This March, the city of Costa Mesa announced its plan to approve alternative housing for up to 62 homeless people in the community with a temporary shelter, and there are plans to create a more permanent solution by the end of the year. City officials hope these facilities will alleviate the effects of homelessness.
Homelessness has been a top concern for the city of Costa Mesa, and Director of Campus Safety Kenton Ferrin said Vanguard is equally concerned about its effects on the school. Two weeks ago, Campus Safety called the Costa Mesa Police Department to have a homeless man arrested after he ignored several warnings that he could not return to campus, Ferrin explained.
Homelessness has been a difficult issue for the city of Costa Mesa to address, as many residents do not want to encourage homeless people’s behavior and lifestyles by giving them shelter. The action taken by the city comes as result of a lawsuit brought about by the Orange County Catholic Workers. The charges stated that cities were punishing people for being homeless without offering any alternative options or shelters.
However, dealing with the problem of homelessness is not as easy as transitional shelters, according to Professor of Sociology Ed Clarke, who has been working on the situation in Costa Mesa since 2007. Clarke’s ongoing work has made him familiar and passionate about the complicated issue.
Even if a homeless person is transitioned into a minimum wage job, there would still remain significant complications, especially if that person struggled from mental or physical health issues as a result of their time being homeless, Clarke explained. Additionally,the cost of living in Costa Mesa would remain even if they became employed full time.
As a members of a Christian university, there is something even bigger driving Vanguard’s campus to seek solutions for homelessness, Clarke explained. Beyond a safe and clean community, faith should prompt action among the community, he said.
“One of the tasks that Christians have been given is to care for the least of these,” Clarke said. “Of all the people in a capitalist society, it is those that lost the competition in capitalism that need the care.”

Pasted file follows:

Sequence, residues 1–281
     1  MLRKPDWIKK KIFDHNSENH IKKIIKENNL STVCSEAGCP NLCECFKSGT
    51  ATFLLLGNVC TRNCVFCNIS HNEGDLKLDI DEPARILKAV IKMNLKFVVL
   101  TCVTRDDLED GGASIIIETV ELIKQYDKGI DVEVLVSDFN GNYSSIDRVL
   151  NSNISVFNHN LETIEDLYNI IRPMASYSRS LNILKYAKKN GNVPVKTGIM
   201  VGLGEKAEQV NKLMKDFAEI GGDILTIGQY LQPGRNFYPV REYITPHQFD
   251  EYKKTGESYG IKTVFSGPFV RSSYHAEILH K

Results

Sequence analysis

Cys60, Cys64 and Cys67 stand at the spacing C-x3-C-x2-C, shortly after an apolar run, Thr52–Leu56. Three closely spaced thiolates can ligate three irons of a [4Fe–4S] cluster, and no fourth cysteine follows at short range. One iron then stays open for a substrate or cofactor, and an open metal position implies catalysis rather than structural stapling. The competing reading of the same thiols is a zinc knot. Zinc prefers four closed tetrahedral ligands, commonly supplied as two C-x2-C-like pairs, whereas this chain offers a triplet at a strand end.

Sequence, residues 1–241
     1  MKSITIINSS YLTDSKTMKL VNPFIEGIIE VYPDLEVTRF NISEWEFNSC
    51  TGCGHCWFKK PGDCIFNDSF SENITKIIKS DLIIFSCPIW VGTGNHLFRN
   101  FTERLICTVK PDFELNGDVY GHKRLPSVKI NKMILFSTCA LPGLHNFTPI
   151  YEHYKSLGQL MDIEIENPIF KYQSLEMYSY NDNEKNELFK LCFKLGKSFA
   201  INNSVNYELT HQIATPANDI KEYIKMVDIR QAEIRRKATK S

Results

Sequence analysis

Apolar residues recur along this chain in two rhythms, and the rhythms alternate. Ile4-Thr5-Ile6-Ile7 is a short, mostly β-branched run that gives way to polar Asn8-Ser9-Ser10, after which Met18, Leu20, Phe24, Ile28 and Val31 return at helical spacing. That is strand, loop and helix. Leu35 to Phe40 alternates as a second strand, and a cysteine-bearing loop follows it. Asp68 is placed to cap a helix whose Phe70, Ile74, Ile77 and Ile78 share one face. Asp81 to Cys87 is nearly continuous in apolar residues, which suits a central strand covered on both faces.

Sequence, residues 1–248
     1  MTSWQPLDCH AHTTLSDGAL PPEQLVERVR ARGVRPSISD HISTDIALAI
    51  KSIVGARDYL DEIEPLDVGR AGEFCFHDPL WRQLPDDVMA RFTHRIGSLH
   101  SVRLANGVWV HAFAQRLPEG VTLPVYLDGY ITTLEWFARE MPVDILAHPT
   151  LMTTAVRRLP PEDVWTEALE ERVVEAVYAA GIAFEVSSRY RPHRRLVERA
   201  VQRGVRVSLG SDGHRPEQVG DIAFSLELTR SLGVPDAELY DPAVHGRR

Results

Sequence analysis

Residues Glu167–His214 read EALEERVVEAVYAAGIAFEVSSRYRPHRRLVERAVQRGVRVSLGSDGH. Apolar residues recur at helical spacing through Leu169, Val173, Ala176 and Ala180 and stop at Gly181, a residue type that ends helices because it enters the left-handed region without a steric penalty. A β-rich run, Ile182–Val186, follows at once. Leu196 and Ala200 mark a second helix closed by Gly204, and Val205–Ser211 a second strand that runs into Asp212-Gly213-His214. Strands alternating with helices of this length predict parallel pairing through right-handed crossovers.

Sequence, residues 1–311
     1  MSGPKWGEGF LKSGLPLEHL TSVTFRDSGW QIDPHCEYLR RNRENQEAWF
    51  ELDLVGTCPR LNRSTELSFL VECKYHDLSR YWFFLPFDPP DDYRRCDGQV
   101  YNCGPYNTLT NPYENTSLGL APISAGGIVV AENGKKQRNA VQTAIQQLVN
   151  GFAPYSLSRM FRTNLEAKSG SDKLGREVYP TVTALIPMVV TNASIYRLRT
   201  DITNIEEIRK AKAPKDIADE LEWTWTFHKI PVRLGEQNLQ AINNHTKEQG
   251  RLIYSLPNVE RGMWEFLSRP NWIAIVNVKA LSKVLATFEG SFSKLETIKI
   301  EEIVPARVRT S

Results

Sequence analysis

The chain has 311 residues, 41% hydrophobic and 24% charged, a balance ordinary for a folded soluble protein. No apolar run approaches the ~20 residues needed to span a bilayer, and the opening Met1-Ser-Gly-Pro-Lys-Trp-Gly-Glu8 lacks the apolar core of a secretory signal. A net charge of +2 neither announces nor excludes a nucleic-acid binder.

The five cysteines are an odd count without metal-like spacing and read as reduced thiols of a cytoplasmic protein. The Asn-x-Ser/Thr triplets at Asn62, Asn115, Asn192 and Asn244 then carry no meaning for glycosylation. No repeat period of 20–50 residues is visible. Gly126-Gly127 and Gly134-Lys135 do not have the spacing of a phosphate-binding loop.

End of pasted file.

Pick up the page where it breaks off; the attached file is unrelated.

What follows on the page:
Though Ferrin has had to deal with student safety and the subsequent removal of homeless persons from campus, he believes it is important not to stereotype or assume someone’s situation just because they do not have a home at night.
“Everyone is homeless for a different reason,” Ferrin said. “If you try and paint everything with a broad brush, it doesn’t work.”
Ferrin explained that it is his job to keep students safe, whether through removing homeless people from campus or installing better lighting in the parking lots.
“It may not be a reality that if you’re homeless that you’re unsafe, but the perception is. It creates an unsafe environment. And if people feel unsafe, that becomes their reality,” Ferrin said.
Both Ferrin and Clarke have their reservations about the success the shelter may find, both in solving homelessness in the short and long term.
“Thinking that this new program is going to change the homeless is probably wishful thinking, because for many of them there is no rehabilitation that is going to be adequate to make them self-supporting,” Clarke said.
The city of Costa Mesa predicts that the shelter will allow police to enforce the city’s anti-encampment ordinance, especially along the Santa Ana River Trail, according to fact sheets published by the city. Additionally, the city hopes giving shelter to the homeless will also make public parks more available to Costa Mesa residents.
“It’s not illegal to be homeless, so you cannot further the degradation of their status and their personhood,” Clarke said.